What’s astonishing to me has always been that, given how financially successful some designers’ clients have been in their own sphere, they check their acumen at the door when they first inhale the aromatic mixture of furniture wax, brass polish, and Santa Maria Novella potpourri that pervades all the best European dealers’ showrooms. As I think about it, our galleries in San Francisco smell that way, too- perhaps what we lack is some sort of European ozone. For whatever reason, though, the designer’s clients seem to lose all sense of doing business. Perhaps you’ve read before, we consider our inventory as a fungible commodity- even with antiques, reasonable market prices can be determined, and that is what we charge. At the galleries of some of dealers at the highest end, nothing of this sort seems to happen- at least in terms of so-called ‘asking price’. What I continue to find astonishing is, when given the asking price, how deeply- and readily- some dealers then are willing to discount that price. I’m not astonished, of course, that the dealers are willing to provide a deep discount. I am astonished that clients would be taken in by what I would term a ‘come-on’, using a discount to occlude the fact that the merchandise is significantly overpriced to begin with. Hardly what I would term fair dealing.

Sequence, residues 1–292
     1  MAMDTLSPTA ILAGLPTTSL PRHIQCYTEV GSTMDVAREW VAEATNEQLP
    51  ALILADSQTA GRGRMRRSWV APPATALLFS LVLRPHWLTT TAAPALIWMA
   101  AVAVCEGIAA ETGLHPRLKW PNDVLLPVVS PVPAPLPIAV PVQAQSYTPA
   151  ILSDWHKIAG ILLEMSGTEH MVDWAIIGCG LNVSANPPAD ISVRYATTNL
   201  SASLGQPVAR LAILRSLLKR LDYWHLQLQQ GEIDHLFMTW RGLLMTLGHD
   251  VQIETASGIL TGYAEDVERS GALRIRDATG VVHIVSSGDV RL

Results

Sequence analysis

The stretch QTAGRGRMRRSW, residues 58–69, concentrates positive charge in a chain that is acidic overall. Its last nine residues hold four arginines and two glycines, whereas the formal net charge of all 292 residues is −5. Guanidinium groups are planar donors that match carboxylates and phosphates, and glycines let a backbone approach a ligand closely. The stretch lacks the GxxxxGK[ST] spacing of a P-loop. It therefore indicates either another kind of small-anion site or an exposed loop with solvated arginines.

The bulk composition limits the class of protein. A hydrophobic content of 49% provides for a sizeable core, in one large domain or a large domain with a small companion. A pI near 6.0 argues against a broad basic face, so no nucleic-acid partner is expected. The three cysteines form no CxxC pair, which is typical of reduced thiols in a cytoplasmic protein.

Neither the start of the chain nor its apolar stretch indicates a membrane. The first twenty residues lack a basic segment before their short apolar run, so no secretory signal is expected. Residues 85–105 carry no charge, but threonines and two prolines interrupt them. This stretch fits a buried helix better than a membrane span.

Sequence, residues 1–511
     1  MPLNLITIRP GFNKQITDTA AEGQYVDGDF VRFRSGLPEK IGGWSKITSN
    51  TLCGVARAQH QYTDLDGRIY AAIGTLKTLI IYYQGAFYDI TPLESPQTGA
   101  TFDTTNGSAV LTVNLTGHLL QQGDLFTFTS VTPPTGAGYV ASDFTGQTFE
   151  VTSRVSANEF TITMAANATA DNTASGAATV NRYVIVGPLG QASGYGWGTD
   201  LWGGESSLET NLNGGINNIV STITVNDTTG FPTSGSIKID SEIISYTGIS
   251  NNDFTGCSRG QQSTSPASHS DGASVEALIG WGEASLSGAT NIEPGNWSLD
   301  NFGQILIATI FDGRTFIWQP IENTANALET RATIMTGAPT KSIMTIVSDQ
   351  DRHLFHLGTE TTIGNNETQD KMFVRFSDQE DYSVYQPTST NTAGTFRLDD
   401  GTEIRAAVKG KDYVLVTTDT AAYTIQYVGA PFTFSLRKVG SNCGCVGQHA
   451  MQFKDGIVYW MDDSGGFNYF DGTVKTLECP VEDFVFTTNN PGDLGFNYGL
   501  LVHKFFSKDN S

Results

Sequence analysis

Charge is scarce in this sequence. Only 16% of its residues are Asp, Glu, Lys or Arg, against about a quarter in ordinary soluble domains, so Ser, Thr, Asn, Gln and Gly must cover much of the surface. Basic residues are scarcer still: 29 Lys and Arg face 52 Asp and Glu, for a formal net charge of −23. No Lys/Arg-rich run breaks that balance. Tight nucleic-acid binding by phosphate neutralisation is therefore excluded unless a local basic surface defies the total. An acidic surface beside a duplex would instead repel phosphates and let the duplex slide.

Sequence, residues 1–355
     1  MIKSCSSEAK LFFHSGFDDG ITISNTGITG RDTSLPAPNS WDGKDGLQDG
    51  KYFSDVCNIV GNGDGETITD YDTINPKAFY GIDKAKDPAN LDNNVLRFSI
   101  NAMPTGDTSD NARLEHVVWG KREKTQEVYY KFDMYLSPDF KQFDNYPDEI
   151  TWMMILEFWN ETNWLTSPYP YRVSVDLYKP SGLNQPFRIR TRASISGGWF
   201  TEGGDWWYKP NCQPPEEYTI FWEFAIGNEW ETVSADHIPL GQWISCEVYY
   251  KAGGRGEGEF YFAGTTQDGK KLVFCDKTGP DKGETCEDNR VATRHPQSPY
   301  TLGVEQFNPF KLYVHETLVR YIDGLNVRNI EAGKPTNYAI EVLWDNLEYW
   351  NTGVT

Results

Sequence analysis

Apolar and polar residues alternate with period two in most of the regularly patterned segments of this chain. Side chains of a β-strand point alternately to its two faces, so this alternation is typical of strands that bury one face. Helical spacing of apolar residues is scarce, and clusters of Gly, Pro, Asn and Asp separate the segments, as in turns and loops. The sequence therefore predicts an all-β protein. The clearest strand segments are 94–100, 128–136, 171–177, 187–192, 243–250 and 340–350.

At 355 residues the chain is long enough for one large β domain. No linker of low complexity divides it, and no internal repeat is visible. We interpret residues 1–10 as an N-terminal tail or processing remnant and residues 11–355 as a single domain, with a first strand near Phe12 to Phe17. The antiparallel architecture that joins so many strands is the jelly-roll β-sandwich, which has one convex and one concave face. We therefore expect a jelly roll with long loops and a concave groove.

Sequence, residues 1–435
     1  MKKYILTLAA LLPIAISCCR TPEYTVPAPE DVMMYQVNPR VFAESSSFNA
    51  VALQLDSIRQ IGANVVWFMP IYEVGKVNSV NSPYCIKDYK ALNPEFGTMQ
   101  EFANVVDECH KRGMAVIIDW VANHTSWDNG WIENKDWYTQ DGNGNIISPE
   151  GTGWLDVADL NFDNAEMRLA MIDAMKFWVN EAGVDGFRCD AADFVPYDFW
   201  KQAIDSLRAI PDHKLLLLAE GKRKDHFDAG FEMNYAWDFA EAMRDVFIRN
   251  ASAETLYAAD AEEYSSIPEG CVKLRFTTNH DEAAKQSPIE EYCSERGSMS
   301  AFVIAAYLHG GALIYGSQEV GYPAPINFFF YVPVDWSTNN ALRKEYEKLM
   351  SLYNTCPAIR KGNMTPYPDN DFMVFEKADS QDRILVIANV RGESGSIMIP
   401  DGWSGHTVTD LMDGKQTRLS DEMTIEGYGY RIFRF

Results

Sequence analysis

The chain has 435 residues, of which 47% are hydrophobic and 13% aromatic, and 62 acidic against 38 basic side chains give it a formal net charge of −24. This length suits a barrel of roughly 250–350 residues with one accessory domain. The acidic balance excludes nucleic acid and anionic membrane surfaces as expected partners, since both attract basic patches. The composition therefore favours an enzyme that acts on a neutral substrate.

With all that, it should not be surprising, then, that some of these same dealers might salt their inventory with items that we politely call in the trade ‘confections’- disparate period and contemporary elements, blended together with varying degrees of skill to yield a brand-new ‘antique’. It is unfortunate how often this is done by some dealers, but, again, it seems that the high discount dealers have a high tendency to be those that also manufacture fake pieces. Granted, every dealer is at some time fooled by a piece he’s acquired- us included. Under that circumstance, the honest dealer grins and bears it, and makes an effort to quickly move it out of his inventory- not tart it up to turn the piece into what the dealer would like it to be.
Perhaps it’s jet lag, or too many beverages consumed in the hotel bar, that results in lapses in judgment, making it easier for some dealers to take advantage of clients. Certainly, there also still exists an easy contempt amongst European dealers for opprobriously termed ‘rich Americans.’ And, in fact, the conspicuous display that the designer-client progress engenders probably feeds the dealers’ contempt. Ironically, given the hard times the European antiques trade has fallen upon- the double, no, triple whammy of dollar weakness, popularity of 20th century material, and overall travel malaise- one would assume dealers would then make an extra effort to ensure the client and their designer get real value for money. The unfortunate fact is, though, a number of dealers, following on from the glory years in the trade in the 1980’s and 1990’s, have ramped up their own lifestyles to match that of their clients. It is hard to imagine, though, that utilizing unsavory business practices in an attempt to make ends meet constitutes a better, more intelligent choice for some dealers than biting the bullet and instead deciding to sell the chateau in France, one of the Bentleys, or both.